- a judge of a superior court of the province;
- a justice of the peace or provincial judge;
- a duly qualified medical practitioner;
- a notary public appointed for the province;
- a lawyer entitled to practice in the province;
- a member of the Royal Canadian Mounted Police; or
- a police officer with a police service established or continued under The Police Services Act.
Yet how many Power of Attorney Kits tell you this? You guessed it…
I’ve mentioned this before when critiquing other do-it-yourself Will Kits. And it’s the same problem with do-it-yourself Power of Attorney kits: there are no warnings as to who should be using their product. But do-it-yourself Power of Attorney Kits should generally NOT be used by those who lack mental capacity (e.g. they do not understand the nature and effect of making a Power of Attorney, etc.) or who are being unduly pressured by others. With respect to powers of attorney for property / finances, the person giving this document must be able to appreciate the nature of their property and approximate value, as well as the financial obligations they owe to dependents. If there’s something amiss with the person making the power of attorney, it may be challenged and rendered invalid by the court. Nonetheless, it’s rare to see these types of warnings on websites and Power of Attorney Kits! Why not? Because I’m sure they don’t want to scare you away, that’s why!
When you’re filling out a Power of Attorney (either manually or through Microsoft word or even online), some options are too rigid, too simplistic, or outright missing (e.g. substitute attorneys, specific instructions which you expect to be followed, limitations on the attorney’s powers, not revoking other powers of attorney, when the power of attorney takes effect, the naming of a person or person(s) who will make a written declaration as to when you’ve become mentally incompetent, the naming of a person or person(s) who you want to be notified in the event that you are declared to be mentally incompetent, etc.).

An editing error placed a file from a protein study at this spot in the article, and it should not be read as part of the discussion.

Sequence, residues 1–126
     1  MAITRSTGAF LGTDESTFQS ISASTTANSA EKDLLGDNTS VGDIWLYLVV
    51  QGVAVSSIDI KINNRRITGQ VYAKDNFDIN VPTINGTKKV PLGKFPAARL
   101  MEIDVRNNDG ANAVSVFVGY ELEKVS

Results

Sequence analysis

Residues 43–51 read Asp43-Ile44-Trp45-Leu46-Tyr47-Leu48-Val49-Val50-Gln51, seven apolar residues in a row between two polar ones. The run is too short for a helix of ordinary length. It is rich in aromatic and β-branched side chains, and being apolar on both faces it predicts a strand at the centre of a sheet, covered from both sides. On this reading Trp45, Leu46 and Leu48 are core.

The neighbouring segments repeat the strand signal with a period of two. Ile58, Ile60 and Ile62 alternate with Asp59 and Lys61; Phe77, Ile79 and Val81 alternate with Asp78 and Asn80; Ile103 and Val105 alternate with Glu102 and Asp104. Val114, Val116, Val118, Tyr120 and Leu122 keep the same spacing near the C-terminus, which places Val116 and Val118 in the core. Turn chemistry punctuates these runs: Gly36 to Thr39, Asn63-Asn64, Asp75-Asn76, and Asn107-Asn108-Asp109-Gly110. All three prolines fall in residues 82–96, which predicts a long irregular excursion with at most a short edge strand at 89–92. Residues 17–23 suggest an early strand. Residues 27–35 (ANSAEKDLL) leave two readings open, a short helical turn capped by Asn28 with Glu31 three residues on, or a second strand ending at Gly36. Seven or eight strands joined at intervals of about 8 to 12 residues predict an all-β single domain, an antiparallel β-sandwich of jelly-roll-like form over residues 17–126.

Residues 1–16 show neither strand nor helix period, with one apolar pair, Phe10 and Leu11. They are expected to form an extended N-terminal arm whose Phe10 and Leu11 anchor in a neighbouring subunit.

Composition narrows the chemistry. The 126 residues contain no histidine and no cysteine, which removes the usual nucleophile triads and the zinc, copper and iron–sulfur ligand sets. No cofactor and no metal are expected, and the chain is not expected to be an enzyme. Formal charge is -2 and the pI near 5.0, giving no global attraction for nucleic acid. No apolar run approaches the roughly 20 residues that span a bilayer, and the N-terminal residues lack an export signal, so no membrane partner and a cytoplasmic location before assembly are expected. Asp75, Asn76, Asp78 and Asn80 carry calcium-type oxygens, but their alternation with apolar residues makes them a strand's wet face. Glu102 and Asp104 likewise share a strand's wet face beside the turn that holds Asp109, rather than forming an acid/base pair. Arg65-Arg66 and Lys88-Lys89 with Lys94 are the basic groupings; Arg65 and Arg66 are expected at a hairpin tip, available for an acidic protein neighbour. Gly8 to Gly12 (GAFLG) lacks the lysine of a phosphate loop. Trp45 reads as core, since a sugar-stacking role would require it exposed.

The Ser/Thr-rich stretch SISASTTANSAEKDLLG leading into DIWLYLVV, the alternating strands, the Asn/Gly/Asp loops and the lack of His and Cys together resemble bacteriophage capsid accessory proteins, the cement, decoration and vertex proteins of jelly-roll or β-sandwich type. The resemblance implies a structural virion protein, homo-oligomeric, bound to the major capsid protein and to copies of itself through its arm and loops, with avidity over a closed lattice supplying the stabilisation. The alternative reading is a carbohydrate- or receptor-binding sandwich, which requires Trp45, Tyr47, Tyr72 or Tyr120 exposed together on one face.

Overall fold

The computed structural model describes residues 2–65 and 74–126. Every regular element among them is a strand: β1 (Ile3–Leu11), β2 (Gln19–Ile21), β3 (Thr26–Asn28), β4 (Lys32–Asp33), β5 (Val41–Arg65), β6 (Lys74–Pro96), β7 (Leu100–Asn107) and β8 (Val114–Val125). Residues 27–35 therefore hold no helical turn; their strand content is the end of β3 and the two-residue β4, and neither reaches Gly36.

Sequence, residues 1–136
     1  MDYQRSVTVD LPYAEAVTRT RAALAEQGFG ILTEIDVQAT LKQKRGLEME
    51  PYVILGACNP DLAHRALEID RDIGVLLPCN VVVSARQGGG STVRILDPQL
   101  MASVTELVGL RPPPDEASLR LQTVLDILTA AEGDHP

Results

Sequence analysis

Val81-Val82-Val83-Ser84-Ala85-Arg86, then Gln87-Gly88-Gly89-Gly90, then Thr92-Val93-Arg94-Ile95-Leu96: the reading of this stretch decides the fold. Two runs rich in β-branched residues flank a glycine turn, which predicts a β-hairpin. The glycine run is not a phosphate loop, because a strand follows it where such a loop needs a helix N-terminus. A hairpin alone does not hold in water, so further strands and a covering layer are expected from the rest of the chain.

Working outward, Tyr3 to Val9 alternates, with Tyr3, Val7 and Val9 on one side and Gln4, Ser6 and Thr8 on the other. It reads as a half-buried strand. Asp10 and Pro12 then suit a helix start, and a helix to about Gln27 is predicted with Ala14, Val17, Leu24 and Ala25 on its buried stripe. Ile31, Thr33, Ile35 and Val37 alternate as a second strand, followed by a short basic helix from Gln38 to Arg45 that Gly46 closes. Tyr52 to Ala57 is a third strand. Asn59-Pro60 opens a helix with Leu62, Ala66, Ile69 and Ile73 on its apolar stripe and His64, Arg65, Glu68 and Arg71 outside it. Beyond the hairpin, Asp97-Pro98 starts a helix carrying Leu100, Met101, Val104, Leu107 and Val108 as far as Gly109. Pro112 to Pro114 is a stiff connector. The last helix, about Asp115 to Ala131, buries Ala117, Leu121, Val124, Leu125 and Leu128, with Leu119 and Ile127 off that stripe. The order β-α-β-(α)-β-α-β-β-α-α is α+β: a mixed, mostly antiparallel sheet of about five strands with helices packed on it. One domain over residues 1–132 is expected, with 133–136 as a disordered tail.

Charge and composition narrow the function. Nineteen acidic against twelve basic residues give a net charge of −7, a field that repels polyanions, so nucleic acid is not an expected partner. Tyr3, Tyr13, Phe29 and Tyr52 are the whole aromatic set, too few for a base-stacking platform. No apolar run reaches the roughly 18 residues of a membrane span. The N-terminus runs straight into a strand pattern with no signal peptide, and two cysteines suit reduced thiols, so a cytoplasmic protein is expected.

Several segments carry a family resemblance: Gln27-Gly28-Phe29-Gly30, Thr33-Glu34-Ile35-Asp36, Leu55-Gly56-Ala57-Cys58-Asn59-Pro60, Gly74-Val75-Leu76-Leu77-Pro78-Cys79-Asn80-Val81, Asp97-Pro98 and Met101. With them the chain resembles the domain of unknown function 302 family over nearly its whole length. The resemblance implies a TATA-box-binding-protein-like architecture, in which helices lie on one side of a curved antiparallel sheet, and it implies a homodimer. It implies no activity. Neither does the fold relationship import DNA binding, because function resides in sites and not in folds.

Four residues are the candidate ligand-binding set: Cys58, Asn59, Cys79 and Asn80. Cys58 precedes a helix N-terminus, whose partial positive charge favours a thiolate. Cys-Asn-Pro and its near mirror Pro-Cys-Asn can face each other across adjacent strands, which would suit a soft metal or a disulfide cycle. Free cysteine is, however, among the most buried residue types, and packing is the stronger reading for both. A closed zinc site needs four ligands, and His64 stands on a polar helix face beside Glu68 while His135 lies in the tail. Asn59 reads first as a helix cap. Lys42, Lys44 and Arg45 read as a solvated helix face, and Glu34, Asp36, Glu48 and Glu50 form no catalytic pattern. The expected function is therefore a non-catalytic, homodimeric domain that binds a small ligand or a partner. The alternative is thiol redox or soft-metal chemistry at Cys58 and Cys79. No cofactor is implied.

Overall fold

How can you truly express your wishes if your options are limited? You’re basically leaving it up to the creator of the Power of Attorney kit to tell you what options you have, but I’ve seen those options and they’re often problematic (again, either too limited or non existent)! Was the person who created the Power of Attorney kit a lawyer familiar with drafting Powers of Attorneys and Provincial Power of Attorney laws? Did they research all the different options available to you? And are they constantly improving their product by making updates – particularly when the laws change?
There’s limited education or warnings in many Power of Attorney kits I’ve reviewed. But you need to know about things like who appropriate witnesses are, how you are supposed to sign the power of attorney in the presence of a witness or witnesses, when the power of attorney takes effect and when it terminates, what happens if you don’t have a power of attorney, and so on. Powers of Attorney are very complex and trying to create one without enough education to make an informed decision may jeopardize your wishes or the validity of the Power of Attorney itself!
Not based on Provincial Power of Attorney laws
Many Power of Attorney kits don’t take into consideration the nuances of provincial Power of Attorney laws (which may cause confusion). Powers of Attorney are based on provincial laws. So if you lived and had property in Ontario, how you feel about a Power of Attorney that originated from a California that was prepared by a Florida lawyer?
Can a non-lawyer actually understand the difference between a properly worded and drafted Power of Attorney versus an improper one? I don’t think it’s easy for them unless they have formal legal training and understand what they should be looking for. This makes it even harder for the general public to know if the product they are purchasing and using is any good. Take it from me (a Canadian lawyer who has studied Power of Attorney laws throughout Canada): I’ve seen some very poorly drafted Powers of Attorney out there (incomplete, poorly structured and drafted, archaic, etc.). Poorly drafted Powers of Attorney may lead to their being challenged and rendered invalid.
There are lots of way in which your Power of Attorney can be rendered invalid (e.g. inappropriate witnesses, undue pressure, etc.). And again, a little education helps prevent against this.
Be sure to do your diligence before attempting to use a do-it-yourself Power of Attorney Kit. They are plagued with problems, may not be appropriate for you, and may cause more harm than good. It’s buyer beware! And the worst part is: you may be unavailable (i.e. mentally incapacitated) to deal with these problems, while your family and friends try to deal with the mess you left them!